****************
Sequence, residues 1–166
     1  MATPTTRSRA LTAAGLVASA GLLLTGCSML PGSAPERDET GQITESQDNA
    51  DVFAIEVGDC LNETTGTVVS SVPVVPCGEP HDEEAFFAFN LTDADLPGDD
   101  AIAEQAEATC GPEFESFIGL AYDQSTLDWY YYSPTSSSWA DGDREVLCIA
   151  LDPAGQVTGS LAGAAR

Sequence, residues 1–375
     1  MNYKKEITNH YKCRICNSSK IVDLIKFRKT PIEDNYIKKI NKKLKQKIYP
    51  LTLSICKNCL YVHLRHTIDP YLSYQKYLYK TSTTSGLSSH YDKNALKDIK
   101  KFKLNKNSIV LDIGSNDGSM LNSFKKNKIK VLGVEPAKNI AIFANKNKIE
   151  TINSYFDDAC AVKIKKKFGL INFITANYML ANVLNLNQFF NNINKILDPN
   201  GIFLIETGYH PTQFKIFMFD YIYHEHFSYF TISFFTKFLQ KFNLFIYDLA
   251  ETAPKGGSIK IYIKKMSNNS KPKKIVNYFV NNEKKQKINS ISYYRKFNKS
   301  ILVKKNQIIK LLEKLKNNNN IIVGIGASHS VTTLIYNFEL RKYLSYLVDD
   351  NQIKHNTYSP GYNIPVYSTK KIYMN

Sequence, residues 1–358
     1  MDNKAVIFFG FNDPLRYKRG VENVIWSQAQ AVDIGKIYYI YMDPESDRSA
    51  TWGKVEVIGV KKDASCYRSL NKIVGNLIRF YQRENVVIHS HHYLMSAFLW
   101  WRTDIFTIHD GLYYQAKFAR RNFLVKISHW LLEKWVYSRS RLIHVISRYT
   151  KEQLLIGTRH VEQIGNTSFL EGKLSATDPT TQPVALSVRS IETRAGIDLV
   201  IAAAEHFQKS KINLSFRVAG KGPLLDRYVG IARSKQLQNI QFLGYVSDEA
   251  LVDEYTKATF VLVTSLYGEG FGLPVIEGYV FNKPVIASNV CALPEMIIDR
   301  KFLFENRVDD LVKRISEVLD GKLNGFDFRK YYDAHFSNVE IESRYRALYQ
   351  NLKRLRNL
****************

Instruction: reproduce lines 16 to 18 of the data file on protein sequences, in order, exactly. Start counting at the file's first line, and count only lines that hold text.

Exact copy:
     1  MDNKAVIFFG FNDPLRYKRG VENVIWSQAQ AVDIGKIYYI YMDPESDRSA
    51  TWGKVEVIGV KKDASCYRSL NKIVGNLIRF YQRENVVIHS HHYLMSAFLW
   101  WRTDIFTIHD GLYYQAKFAR RNFLVKISHW LLEKWVYSRS RLIHVISRYT